Pakistan’s Information Minister has announced the begin of a crackdown on those who hold dollars or other foreign money with three arrested.
The announcement made on a highly symbolic day, April 5th, was met with puzzlement at Pakistan’s Central Bank where a spokesperson told a local paper there is no law to arrest any person for buying dollars or for keeping foreign money as investment.
Government has directed FIA to launch a full fledged operation against Dollar hoarding, and speculative currency trade the operation is being launched in coordination with State Bank and ministry of Finance
— Ch Fawad Hussain (@fawadchaudhry) April 5, 2019
Three people were arrested on April 7th for “hoarding” dollars, pounds and other foreign currencies worth circa 40 million Pakistani Rupees (~$300,000).
“The dollars were hoarded to make rupee weaker in the market. This action caused an artificial demand of dollar and its rate increased artificially,” the interior ministry said.
Panic was brewing in Lahore and Islamabad after Rupee’s value fell to 148 PKR per dollar following a devaluation of the currency.
“The rupee was quite overvalued, causing significant losses to economy,” Finance Minister Asad Umar said on Friday, adding:
“The real effective exchange rate was at Rs127 in January, which has attained equilibrium as categorically noted by the State Bank of Pakistan.”
The impoverished Pakistan with an economy of just $300 billion in nominal GDP and a population of more than 200 million people has been in talks with the International Monetary Fund (IMF) for a 13th bailout since 1980s.
“IMF is not advising to devalue the currency. Currency value is not even discussed with the Fund. The rupee must be aligned with the market fundamentals,” Umar said.
Inflation has jumped to 10%, up from 7% in January and 3.7% in April 2018, with Pakistan’s fiat value falling quite quickly.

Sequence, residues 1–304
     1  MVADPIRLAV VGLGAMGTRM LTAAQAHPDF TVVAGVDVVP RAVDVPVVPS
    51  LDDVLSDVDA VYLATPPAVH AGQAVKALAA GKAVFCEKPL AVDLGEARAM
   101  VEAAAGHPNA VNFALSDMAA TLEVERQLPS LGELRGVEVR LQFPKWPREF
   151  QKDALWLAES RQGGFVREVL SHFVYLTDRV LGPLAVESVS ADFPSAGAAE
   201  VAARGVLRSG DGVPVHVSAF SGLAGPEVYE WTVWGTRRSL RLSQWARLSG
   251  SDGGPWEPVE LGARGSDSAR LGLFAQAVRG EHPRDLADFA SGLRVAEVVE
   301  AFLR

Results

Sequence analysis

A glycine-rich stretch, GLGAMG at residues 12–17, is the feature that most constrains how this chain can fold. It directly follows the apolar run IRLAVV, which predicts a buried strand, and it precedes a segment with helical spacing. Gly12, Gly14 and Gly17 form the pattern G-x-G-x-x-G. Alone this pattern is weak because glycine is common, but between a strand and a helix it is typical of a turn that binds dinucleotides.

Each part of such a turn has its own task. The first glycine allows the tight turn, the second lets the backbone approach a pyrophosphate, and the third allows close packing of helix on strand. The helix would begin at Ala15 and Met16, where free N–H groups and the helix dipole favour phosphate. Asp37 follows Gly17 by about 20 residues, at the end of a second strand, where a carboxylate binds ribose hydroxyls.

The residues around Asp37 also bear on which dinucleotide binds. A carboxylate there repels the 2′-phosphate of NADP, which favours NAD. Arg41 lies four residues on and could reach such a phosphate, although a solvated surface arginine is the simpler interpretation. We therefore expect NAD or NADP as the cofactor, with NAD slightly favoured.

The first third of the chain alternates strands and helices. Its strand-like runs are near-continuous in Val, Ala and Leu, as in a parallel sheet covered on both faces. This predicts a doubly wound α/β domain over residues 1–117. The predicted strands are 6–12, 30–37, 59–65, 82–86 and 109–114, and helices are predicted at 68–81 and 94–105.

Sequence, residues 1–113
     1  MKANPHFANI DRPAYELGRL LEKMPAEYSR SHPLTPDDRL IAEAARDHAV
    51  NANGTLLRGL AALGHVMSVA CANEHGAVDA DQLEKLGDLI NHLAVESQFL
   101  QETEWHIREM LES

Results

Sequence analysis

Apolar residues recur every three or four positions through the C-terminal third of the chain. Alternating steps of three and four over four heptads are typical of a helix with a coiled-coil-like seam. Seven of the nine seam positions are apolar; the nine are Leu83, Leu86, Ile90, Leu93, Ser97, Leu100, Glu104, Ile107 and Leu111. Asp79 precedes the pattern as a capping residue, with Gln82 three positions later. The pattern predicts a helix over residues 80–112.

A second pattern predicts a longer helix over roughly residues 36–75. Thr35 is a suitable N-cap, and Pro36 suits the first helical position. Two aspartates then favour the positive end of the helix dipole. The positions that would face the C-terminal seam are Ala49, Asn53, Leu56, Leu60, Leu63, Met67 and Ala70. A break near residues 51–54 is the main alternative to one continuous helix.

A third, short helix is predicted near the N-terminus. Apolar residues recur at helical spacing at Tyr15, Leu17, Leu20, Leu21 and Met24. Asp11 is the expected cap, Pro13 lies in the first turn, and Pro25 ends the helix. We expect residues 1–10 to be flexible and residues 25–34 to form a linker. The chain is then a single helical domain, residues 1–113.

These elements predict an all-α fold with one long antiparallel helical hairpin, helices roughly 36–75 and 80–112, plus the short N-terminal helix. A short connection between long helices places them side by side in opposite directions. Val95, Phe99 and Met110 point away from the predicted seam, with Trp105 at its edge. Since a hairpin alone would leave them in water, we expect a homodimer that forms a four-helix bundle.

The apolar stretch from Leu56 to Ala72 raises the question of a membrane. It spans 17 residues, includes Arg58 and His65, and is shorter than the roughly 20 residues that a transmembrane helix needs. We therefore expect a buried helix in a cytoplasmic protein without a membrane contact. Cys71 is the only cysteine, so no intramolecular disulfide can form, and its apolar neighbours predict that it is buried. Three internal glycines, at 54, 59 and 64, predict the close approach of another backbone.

“Sellers are just 25 per cent of the current dollar trading. That means 75% are buyers, which has drastically reduced the volume of the market,” said Zafar Paracha, General Secretary of the Exchange Companies Association of Pakistan.
Interestingly the central bank there is not putting forth dollars for sale, presumably because they don’t have any, so it seems they’re going after anyone with a stash of dollars or other foreign currency presumably so that the central bank can then have some to sell.
The only complaint here appears to be that these three unnamed individuals arrested yesterday bought dollars, and from the shared picture, pounds as well as other foreign currencies.
There is no suggestion of any illegal activity such as money laundering. The authorities instead raided the DD Exchange Company in Lahore and other money exchanges to inspect records. From that they presumably saw who bought a sufficient amount of dollars to seize and arrested these three men for “hoarding.”
Bitcoin and other cryptos are illegal in Pakistan as far as we are aware, but about $300,000 a week exchanges hands on the peer to peer exchange LocalBitcoins.
There was recently some suggestion they might regulate crypto exchanges and thus perhaps decriminalize, but we never went with that story because we couldn’t quite make sense of it.
Hearing these reports now, it appears quite unlikely they will welcome crypto any time soon.
The value of Pakistani money has plunged 40% since last year against the dollar, much of it due to intentional devaluation.
They have seen some reasonable GDP growth at 6%, but the base interest rate is an incredible 11%. When accounting for the 10% inflation, the Pakistani economy has effectively contracted by 4%.
Seeing these reports of arbitrary confiscation of wealth, such contraction is perhaps not surprising.
They took no bitcoin however. Not that we’d know whether they had any. Nor, presumably, would the authorities know.